Stroke is the fifth leading cause of death in the United States, killing more than 130,000 Americans each year, which is 1 of every 20 deaths. According to CDC data, every year, about 795,000 people in the United States have a stroke. About 610,000 of these are first or new strokes, while 185,000 are recurrent strokes. A leading risk factor for stroke is atrial fibrillation, a type of irregular heartbeat (arrhythmia), which affects an estimated 2.2 million people in the U.S.
Normal heart contracts and relaxes to a regular beat. But, in atrial fibrillation, the upper chambers of the heart (the atria) beat irregularly (quiver) instead of beating effectively to move blood into the ventricles. This can cause blood to collect in the heart and potentially form a clot, which can break off and travel to a person’s brain, causing a stroke. It's estimated that about 15–20 percent of stroke sufferers also have atrial fibrillation.
Most common symptoms of atrial fibrillation are palpitations in the chest area, with sensations of a racing, uncomfortable, irregular heartbeat or a flip-flopping in your chest, usually followed by shortness of breath. Some patients may experience weakness, fatigue, lightheadedness or dizziness.
However, atrial fibrillation is often asymptomatic, so most people actually don't know that they have it. They usually find out about their condition on regular checkups, but they still don't consider it a serious condition, although untreated atrial fibrillation doubles the risk of heart-related deaths and is associated with a 5-fold increased risk for stroke. This risk of developing clots that may cause stroke is a reason why patients with atrial fibrillation are put on blood thinners, such as warfarin.
Recently, there was a case of 67-year-old female with a medical history of mild hypertension and Type II diabetes. She was diagnosed with atrial fibrillation while undergoing a routine checkup. The patient was asymptomatic and was unaware she has Afib. She was taking Aspirin preventively tho, but the new diagnose required new medications. Warfarin is the first choice, but would target-specific oral anticoagulant (TSOAC) be better for her, especially knowing how complex monitoring and dosage adjustments for Warfarin are, as well as drug interactions and potential side effects such as gastrointestinal bleeding or hemorrhagic stroke? If you decide to keep up with Warfarin, how would you adjust it?
These are types of questions you'll have to answer often, each time you admit patients with diagnoses requiring an anticoagulant therapy.
Fortunately, the University of Michigan developed a handy app called MAQI2 Anticoagulation Toolkit, which purpose is to help you answer those questions and simplify the decision-making process.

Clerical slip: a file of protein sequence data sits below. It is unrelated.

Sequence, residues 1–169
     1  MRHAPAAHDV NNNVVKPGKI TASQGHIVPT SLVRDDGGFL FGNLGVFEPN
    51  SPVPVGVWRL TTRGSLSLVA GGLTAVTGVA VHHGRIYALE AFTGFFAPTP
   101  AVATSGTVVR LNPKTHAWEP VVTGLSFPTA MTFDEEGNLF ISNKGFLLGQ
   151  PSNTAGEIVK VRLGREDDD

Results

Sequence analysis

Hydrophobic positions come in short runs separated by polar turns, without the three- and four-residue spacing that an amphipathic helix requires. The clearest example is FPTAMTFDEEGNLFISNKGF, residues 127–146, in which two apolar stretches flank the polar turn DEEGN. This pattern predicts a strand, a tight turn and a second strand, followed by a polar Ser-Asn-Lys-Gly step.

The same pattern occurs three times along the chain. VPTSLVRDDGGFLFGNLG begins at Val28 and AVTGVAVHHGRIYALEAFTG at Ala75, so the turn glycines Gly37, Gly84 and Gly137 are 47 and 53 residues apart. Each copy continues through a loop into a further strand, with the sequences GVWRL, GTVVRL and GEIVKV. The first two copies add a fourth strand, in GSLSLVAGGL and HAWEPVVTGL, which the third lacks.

The app is based on Anticoagulation Toolkit PDF, which is available as a resource within the app. Several published guidelines, such as American Heart Association (AHA)/ACC, the European Society of Cardiology, the CHEST guidelines, including a number of clinical trials, also helped shaping the content of this app.
The design of Anticoagulation Toolkit app is simple and straightforward. There are basically few interactive screens that users may switch between by tapping on tabs.
First tab CHA2DS2-VASc provides stroke risk scores, and it is an expansion of the original CHADS2 score, including 3 additional stroke risk factors: age 65-74, female sex, and history of vascular disease. These additional risk factors are believed to more accurately determine stroke risk and the need for anticoagulation in patients with CHADS2 scores of 0 or 1. The CHA2DS2-VASc score is recommended over CHADS2 in the 2014 AHA/ACC/HRS Atrial Fibrillation Guidelines.
Based on our case, i.e. 67-year old patient female patient, with hypertension and type 2 diabetes, we got a score of 4, which indicates a high risk of stroke with recommended anticoagulant therapy.
Next HAS-BLED tab estimates the risk of major bleeding for patients on warfarin for atrial fibrillation. Our patient was in moderate risk category with 1.88% annual major bleed risk.
Dose Adjust tab gives info about Warfarin dosage based on results we got so far. Here, you'll also get recommendation if weekly dose changes are necessary. We got a recommendation not to change the dose for our patient, i.e. to keep it on 5mg per day.
Reference tab opens Anticoagulation Toolkit PDF file, which provides more useful information, especially about various risk models, FDA approved anticoagulants and their comparison, choice of anticoagulant based on patient's characteristics, identifying patients appropriate for TSOAC therapy, etc.
It would be much better if this info is provided in a more interactive way, like the rest of this app. Instead, PDF is just a file to read, which can be inconvenient on smaller screens.
Nevertheless, Anticoagulation Toolkit app is an excellent, easy-to-use and well-referenced tool, which provides the most current evidence-based calculators and dosing information on anticoagulants.
Benefit: All health professionals working in Internal Medicine, Emergency Medicine, Cardiology, Family Medicine, or any other providers who prescribe or manage patients on anticoagulants, as well as students and residents, may benefit from this app.